Why Trump's Election Night Comments Have The GOP Seeing Red

Senior members of the Republican Party appeared to be taken aback when President Donald Trump invited reporters supporters into the East Room in the wee hours of the morning to falsely claim that he had won in states where mail-in ballots were still being counted, though he said he wanted counting to continue in states where he was behind. He also prematurely called himself the winner of the election. "To me, this is a very sad moment, and we will win this. And as far as I'm concerned, we already have," he told the crowd (via The Washington Post).

His comments drew criticism from his own ranks, many of whom broke with the president both on television and on social media. GOP Congressman Adam Kinzinger picked up the president's tweet on the subject (which has since been labeled misleading by Twitter), with his response which read: "Stop. Full stop. The votes will be counted and you will either win or lose. And America will accept that. Patience is a virtue."

GOP election lawyer Ben Ginsberg told CNN's Jake Tapper that: "If you have objections to either the particular ballots or to the process, then you have remedies after the fact ... but these are legally cast ballots ... or at least will be determined to be legally cast ballots by the appropriate local county and state officials. And for a president to say we are going to disenfranchise those legally cast ballots — it really is extraordinary," Ginsberg said (via CNN).

Prominent GOPers criticized Trump for his comments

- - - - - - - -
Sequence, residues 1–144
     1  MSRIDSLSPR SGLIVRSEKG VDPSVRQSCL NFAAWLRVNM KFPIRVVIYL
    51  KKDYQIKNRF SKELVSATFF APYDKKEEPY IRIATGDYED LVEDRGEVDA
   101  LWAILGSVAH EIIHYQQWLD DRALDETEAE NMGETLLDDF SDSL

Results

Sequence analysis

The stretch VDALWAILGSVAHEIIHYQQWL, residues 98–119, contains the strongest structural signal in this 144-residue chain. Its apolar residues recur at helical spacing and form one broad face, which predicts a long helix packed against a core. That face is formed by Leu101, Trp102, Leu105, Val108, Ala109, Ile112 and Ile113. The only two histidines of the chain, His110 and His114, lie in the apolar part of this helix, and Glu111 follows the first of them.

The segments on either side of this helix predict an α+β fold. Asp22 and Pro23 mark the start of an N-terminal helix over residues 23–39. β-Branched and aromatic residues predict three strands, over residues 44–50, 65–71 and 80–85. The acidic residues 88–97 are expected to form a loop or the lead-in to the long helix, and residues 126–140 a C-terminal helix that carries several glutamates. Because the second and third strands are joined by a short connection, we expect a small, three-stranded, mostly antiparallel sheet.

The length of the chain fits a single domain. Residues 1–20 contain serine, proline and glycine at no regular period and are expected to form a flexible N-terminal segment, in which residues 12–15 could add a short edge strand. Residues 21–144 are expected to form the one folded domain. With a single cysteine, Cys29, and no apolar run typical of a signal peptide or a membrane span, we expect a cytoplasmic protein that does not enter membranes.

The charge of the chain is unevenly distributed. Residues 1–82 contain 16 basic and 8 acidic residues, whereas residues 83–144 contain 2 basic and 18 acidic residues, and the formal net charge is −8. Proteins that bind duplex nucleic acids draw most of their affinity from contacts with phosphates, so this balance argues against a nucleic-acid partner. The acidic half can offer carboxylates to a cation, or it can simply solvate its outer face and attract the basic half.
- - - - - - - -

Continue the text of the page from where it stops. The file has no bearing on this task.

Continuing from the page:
Trump associate and former New Jersey governor Chris Christie also weighed in on the president's comments, telling ABC News: "I talk tonight ... as a former U.S. Attorney. There's just no basis to make that argument tonight. There just isn't. I disagree with what he did tonight" (via The New York Times). Former GOP Senator for Pennsylvania Rick Santorum also told CNN: "I was very distressed by what I just heard the president say."

Some of the strongest criticisms of Trump's late night speech came from Fox News anchor and moderator of the first debate Chris Wallace, who said on his show that, "This is an extremely flammable situation, and the president just threw a match on it. He hasn't won these states. Nobody is saying he's won the states. The states haven't said that he's won." And popular conservative commentator Ben Shapiro tweeted: "No, Trump has not already won the election, and it is deeply irresponsible for him to say he has."

The New York Times reports the comments were carried live by all the major networks at 2:30 a.m., and while most offered a fact check after wards, NBC and MSNBC did not wait for him to finish. The Washington Post reminded its readers that it could be days, possibly even weeks, before official results are in. And thanks to the pandemic and the volume of mail-in ballots, vote tallying has become even more complicated.